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3-D Composite Design Gives Pipistrel Lift

3-D Composite Design Gives Pipistrel Lift

Pipistrel, founded more than 22 years ago as the first private producer of aircraft equipment in Yugoslavia, made its name manufacturing ultra-light hang gliders before moving into lightweight aircraft, including gliders, motor gliders and high-efficiency cruising planes, in reaction to market demands. While the company's models and types of aircraft have evolved over the years, the consistent theme for Pipistrel is producing planes that are both fuel-efficient and high performance. To do so, the manufacturer has invested in and refined a product development process that leverages composite materials and advanced 3-D design techniques to achieve optimal aerodynamics.

"The main challenge in aviation is how to produce an airplane that has the most possible lift while producing a minimal amount of drag," says Tine Tomazic, research and development at Pipistrel. Given that the selection of engines for Pipistrel's chosen types of aircraft is limited, it's not engine choice that defines a particular model, but rather the outside shape that becomes the key differentiator. "When you start to define the shape of a plane, it becomes evident that even measurements below one tenth of a millimeter can make a difference," Tomazic explains.

Human-Like Precision

The Pipistrel engineering team began aggressively working to address this challenge about seven years ago. At the time, the firm used 3-D MCAD to design mechanical systems on the aircraft; but the system fell short of leveraging the 3-D tools to do any type of shape or surfacing work because of what the team considered a precision deficiency. "Aerodynamics and shapes were drawn by hand and produced in physical form by hand because the naked eye and human hand were still the most precise instrument when judging the fluidity of lines," Tomazic says.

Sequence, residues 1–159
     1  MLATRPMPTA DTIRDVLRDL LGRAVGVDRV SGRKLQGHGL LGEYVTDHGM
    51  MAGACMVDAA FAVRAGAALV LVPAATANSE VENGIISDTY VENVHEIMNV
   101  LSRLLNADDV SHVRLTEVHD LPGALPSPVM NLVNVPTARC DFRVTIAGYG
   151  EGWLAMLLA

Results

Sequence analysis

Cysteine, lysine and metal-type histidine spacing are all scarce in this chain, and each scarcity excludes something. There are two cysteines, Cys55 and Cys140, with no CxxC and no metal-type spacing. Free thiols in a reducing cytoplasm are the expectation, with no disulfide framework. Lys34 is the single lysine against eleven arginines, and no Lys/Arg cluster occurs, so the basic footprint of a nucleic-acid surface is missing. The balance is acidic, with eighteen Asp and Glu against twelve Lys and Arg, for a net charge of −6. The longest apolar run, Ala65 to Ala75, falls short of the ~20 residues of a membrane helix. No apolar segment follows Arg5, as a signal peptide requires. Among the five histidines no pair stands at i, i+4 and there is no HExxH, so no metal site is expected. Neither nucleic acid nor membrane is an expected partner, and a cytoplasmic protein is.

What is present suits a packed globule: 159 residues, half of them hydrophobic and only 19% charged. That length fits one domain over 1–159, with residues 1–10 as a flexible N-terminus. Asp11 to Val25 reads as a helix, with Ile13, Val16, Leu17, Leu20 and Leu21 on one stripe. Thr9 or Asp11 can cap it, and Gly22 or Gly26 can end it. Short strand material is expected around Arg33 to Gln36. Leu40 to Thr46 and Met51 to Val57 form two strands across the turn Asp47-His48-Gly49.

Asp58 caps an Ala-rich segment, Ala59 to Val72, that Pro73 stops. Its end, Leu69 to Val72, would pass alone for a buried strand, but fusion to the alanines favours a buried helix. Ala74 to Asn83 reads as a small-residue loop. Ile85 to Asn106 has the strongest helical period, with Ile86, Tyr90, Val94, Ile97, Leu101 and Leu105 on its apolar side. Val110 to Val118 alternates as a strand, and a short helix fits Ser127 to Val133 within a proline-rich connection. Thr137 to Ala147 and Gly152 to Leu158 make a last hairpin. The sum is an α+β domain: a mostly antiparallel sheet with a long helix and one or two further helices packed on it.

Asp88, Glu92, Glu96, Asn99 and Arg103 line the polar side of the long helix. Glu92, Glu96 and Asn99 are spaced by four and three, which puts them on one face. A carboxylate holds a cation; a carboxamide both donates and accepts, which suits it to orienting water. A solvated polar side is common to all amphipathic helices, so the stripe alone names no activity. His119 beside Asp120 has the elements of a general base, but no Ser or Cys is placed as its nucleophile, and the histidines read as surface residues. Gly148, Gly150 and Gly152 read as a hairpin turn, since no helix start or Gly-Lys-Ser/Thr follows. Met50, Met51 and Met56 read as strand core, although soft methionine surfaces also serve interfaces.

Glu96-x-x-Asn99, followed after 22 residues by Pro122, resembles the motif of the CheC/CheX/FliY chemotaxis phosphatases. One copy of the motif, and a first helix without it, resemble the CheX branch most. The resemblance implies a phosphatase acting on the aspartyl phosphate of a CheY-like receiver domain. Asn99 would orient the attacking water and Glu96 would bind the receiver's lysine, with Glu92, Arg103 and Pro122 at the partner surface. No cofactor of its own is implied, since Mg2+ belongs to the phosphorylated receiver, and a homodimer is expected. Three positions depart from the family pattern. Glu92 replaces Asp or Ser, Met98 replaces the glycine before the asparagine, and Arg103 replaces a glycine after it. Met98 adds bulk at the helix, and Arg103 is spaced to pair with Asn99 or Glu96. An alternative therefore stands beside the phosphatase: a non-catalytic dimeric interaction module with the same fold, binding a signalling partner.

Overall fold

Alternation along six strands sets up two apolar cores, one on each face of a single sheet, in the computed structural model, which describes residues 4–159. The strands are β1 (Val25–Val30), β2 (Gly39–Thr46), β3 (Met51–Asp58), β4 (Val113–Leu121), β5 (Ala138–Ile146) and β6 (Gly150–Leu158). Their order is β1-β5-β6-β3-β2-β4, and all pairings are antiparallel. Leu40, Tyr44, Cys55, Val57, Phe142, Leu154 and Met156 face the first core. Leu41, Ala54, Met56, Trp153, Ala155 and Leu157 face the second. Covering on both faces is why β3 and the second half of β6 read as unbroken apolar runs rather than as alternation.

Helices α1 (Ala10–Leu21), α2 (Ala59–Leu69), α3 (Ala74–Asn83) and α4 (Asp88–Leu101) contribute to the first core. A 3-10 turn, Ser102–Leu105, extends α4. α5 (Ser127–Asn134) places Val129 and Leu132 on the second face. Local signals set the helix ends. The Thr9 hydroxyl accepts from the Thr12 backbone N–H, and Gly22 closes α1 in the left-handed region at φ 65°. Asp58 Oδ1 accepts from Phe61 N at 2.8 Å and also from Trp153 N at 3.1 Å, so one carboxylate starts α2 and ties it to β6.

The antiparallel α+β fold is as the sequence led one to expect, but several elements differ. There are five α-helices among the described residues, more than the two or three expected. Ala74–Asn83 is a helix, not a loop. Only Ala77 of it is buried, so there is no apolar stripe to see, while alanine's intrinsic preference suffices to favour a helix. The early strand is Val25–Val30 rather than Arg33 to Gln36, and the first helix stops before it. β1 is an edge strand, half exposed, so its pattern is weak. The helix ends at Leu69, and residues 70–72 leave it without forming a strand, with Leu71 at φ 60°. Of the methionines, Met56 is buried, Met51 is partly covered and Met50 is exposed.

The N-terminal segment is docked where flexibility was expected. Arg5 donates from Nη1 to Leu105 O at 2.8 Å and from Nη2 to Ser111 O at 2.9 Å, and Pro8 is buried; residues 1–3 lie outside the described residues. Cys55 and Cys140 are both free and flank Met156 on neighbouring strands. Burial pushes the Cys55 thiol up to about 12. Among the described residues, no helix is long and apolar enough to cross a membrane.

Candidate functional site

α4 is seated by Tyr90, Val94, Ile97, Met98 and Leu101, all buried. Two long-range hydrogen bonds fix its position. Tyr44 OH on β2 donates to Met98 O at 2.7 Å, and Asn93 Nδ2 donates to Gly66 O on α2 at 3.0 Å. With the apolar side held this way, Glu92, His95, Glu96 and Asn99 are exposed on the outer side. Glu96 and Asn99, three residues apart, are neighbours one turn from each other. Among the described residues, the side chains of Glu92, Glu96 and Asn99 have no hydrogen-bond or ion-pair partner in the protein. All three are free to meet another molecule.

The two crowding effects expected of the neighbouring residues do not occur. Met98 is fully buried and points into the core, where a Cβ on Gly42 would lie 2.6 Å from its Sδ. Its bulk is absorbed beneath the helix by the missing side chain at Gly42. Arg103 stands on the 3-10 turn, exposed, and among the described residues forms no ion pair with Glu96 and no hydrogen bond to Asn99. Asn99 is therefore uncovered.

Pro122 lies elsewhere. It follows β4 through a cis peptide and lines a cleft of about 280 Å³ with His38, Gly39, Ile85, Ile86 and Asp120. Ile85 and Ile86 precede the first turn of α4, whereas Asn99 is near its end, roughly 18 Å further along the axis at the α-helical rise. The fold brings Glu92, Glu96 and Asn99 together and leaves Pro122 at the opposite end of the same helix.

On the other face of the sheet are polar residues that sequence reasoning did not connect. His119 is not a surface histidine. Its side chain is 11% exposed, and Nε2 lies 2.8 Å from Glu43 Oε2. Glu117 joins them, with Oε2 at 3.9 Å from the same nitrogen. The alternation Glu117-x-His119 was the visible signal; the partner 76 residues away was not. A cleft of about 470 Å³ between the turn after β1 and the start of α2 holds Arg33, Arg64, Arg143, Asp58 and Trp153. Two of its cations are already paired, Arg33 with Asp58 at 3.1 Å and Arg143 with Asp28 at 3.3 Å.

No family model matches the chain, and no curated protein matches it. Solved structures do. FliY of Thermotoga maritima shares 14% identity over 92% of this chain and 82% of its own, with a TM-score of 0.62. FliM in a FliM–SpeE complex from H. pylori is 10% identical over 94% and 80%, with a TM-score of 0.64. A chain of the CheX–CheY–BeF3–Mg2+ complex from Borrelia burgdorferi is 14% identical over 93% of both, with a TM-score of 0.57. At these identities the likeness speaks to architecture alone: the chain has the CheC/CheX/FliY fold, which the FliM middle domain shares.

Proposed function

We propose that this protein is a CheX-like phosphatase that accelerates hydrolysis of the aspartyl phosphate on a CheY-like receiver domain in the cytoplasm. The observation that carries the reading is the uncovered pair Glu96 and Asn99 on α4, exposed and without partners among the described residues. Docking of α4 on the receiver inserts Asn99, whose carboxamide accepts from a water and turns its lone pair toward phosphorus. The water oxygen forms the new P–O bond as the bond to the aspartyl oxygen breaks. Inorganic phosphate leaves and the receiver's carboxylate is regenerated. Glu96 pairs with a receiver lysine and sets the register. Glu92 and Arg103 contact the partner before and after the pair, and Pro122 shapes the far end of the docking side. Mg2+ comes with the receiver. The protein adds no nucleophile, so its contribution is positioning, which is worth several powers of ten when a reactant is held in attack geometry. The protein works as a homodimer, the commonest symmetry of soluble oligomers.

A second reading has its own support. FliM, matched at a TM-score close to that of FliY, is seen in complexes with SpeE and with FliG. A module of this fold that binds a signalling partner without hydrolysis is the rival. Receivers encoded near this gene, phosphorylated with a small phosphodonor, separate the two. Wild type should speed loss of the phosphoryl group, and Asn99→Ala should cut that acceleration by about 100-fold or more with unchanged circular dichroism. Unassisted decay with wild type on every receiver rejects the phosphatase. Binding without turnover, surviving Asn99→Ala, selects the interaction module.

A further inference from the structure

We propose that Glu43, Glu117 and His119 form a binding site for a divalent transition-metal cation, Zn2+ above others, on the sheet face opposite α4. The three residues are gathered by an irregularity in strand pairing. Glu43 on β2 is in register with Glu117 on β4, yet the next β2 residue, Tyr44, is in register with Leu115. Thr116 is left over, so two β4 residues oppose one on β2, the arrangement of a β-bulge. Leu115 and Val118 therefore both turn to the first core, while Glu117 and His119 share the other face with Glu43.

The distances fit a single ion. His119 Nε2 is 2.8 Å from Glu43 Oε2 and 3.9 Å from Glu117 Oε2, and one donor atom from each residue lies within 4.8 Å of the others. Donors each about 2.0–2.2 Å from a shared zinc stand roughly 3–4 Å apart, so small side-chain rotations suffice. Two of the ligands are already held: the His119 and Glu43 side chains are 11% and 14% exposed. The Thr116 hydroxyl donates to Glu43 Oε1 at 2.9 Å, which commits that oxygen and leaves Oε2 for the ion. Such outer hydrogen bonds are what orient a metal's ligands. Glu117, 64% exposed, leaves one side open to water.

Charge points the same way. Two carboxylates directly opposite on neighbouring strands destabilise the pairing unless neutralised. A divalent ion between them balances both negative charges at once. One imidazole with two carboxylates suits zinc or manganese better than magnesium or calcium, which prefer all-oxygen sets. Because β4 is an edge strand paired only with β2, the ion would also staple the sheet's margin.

While the hands-on method was deemed more precise, it was also quite limiting in terms of how the Pipistrel engineering team could evolve designs. Traditionally, the engineer or aerodynamic specialist would manually describe to the CNC milling machine operators creating the physical prototypes what kind of curve or shape they needed. Not only was the engineering team limited by the creativity and technical skills of the person responsible for building the physical shape, there was too much room for misinterpretation around the design, often leading to miscues and false starts. "The engineer or aerodynamic specialist had to describe what they wanted to the person who was going to produce it and there were often differences between the description and the executed form," Tomazic says. "We couldn't make the shapes as complex as we would have wanted to simply because the workers didn't understand what we wanted. It was touch and go every time."

Soon afterward, the Pipistrel team began experimenting with another 3-D MCAD tool, this one with an integrated module specifically for composite design - Dassault SystA"mes' CATIA PLM Express with the Composites Design option. Using this tool, the Pipistrel engineering team was able to transition its manual shaping and physical prototyping process for an aircraft into a digital prototyping method that ensured consistency
while allowing the team to more fully explore a range of design options.